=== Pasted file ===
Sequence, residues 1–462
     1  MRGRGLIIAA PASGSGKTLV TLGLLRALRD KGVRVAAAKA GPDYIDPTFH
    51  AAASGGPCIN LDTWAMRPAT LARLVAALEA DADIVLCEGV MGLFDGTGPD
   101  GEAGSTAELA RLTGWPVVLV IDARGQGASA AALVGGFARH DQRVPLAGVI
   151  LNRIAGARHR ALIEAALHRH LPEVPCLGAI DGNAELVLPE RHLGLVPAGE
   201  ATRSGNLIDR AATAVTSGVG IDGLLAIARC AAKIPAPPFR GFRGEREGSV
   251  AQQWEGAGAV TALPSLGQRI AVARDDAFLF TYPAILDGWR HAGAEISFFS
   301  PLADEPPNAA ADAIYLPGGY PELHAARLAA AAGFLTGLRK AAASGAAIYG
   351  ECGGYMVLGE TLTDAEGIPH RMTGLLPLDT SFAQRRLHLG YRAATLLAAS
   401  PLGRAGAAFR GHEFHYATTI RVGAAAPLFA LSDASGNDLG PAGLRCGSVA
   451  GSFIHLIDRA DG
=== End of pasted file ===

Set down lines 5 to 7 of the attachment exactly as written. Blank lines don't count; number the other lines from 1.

   151  LNRIAGARHR ALIEAALHRH LPEVPCLGAI DGNAELVLPE RHLGLVPAGE
   201  ATRSGNLIDR AATAVTSGVG IDGLLAIARC AAKIPAPPFR GFRGEREGSV
   251  AQQWEGAGAV TALPSLGQRI AVARDDAFLF TYPAILDGWR HAGAEISFFS